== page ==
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EF: What is the health problem as you see it?

EH: The health problem is overwhelmingly a lack of prevention and early detection. In my own company about 3 years ago we changed the whole concept of how our cafeteria works, starting with the design of the kitchen, putting in a different high tech oven which uses about 10% of the grease usually used for cooking. This is not an important investment for a company, some 500 thousand pesos for a high tech oven which allows for a healthier cooking system compared to 50 thousand peso oven. It is not enough to have a healthy salad bar laid out—we also have to have talked about health issues in the company, a nutritionist comes in for all our employees in Aguascalientes, the program is voluntary. Of the 600 people who work there, 100 on average have participated every year losing on average 5 kilograms per person per year. We can say we have lost a ton and a half over 3 years!

EF: What impact has that had on absenteeism and productivity?

EH: I have interviewed a few employees that have lost 30 kilos; changing their cooking and eating habits have been life-changing for them, the food is there in the cafeteria but they now choose the correct proportions, they don’t go hungry or even eat different food, just one well-proportioned meal and of course much less sugar in the liquids they drink and smaller portions of deserts with less sugar. This has made a difference for some of our employees, one case of a lady who couldn’t play with 1-year-old child because she became exhausted as she was overweight, she lost 30 kilos and now she can play with her child, she comes in the office and is not tired so is more productive as well according to her own words. I will try and promote this initiative for all the large companies that have cafeterias. The Consejo Mexicano de Negocios has already adopted it; we are working now with the human resources departments on what they should do which is basically down to two things, exercise and a change in the cafeteria menus which in our experience it costs about 30% more but the results are amazing. We have to convince the directors and owners not to provide the cheapest food possible, to provide instead a well-balanced menu and make sure there is access to a nutritionist. Without that communication and the management directives being convinced of its benefits, there won’t be any results health-wise or productivity-wise. We know from a study AMIIF made that 2% of the total amount of hours worked are lost because of absenteeism, but 7% is lost when people go to work but aren’t productive—and 7% is a very high number. We also did diabetes detection and sure enough, there were people who didn’t know they had diabetes and now can search for treatment. There was a social security experiment done in Monterey where they would go to the companies to check employees looking for early detection and taking certain measures instead of the employees having to go to the social security when sick.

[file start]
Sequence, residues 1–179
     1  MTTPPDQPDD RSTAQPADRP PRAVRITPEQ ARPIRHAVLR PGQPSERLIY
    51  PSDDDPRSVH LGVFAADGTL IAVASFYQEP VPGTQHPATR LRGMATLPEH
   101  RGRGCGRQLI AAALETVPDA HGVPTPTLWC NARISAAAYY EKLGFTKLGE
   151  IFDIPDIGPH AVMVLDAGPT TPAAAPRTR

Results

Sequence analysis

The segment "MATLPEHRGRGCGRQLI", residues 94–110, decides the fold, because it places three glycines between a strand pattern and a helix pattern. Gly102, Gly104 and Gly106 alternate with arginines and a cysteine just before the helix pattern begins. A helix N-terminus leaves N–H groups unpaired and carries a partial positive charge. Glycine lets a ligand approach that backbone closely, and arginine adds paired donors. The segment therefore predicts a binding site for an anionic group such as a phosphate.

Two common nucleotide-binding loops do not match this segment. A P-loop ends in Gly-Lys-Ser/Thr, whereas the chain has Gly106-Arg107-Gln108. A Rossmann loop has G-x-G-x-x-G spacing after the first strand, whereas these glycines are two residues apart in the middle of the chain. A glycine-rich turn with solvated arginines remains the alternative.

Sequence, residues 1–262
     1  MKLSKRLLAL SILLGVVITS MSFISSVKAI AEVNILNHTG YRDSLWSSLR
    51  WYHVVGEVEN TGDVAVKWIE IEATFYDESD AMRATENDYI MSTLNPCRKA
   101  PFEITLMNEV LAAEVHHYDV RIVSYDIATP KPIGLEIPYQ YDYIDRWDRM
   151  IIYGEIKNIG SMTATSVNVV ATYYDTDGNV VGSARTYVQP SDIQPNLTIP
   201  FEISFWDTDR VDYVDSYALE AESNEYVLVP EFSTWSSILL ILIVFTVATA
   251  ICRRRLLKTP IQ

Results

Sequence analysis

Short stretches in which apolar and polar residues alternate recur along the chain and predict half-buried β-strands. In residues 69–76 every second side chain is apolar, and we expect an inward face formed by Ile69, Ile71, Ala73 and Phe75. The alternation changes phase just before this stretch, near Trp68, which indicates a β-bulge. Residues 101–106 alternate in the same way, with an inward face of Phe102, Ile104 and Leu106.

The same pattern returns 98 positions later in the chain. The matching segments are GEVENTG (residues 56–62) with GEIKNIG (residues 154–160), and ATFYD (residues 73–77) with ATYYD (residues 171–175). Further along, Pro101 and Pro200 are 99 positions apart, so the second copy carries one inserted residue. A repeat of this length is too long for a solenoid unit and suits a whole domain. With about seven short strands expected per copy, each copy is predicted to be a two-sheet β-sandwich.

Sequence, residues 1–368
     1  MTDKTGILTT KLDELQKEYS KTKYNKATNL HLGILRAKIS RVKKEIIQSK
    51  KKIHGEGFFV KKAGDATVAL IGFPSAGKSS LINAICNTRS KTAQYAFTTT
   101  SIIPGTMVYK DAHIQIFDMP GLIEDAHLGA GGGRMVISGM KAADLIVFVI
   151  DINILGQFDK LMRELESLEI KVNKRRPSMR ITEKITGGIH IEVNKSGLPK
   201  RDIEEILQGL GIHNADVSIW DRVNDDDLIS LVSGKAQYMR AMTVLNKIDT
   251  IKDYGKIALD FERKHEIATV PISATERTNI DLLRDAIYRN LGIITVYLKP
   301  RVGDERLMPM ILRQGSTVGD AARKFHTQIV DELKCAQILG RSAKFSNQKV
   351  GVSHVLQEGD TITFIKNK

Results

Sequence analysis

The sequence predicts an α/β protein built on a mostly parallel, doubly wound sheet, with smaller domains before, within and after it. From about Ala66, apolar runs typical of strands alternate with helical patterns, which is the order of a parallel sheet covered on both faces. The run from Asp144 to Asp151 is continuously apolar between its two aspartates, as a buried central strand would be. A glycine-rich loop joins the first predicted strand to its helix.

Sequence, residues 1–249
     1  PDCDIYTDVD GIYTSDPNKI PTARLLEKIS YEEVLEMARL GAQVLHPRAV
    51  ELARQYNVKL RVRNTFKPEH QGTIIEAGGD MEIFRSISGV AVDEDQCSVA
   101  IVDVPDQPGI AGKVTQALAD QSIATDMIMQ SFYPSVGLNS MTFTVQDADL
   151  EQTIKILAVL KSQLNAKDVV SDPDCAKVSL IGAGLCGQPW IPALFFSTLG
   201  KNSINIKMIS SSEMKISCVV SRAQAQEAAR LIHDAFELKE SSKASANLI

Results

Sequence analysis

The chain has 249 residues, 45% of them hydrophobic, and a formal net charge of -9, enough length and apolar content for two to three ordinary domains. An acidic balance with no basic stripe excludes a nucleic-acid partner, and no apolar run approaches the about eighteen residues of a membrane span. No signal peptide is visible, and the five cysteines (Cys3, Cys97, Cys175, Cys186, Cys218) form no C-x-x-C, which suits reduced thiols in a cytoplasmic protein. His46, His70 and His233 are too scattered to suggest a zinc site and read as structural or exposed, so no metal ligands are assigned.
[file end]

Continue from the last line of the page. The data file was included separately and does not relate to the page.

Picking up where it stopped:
EF: In diabetes, there is a 20 to 1 ratio of prevention versus cure and it cost 20 times more to cure than to prevent, and it is a similar ratio in other therapeutic areas.  

EH: In Mexico, there is also a big problem with compliance, even in those who have had the disease detected, there is a significant drop in the taking of medicines after 6 months. What is very evident and the new administration is very aware of this, is that we have to change the mentality of the doctors; we had this problem and had to change the doctor here because he was not interested in doing prevention, monitoring and taking blood samples. Doctors are trained to cure not to prevent and this is a huge problem in Mexico as the Undersecretary of Health Cristina Laurel has detected. She has put the focus and interest on prevention and having what she calls a "community doctor" responsible for the health of the surrounding area. How she will manage it I don’t know because doctors are not used to doing this nor is the general public used to it from a mental and social standpoint. The risk, however, is they will put all the resources in the new idea and stop Seguro Popular, which has been very successful taking care of the catastrophic diseases which have stopped a lot of people falling into poverty by covering things like infant mortality, leukaemia, cancer for women and men in their 30s and 40s which is a very important period of their lives as its when they are the sustenance of the families. This is something that has worked so I hope it won’t be destroyed or diminished but prevention must be done because it is so much cheaper than the cure and its consequences, amputated legs for example, which is ending up on the wrong side of health.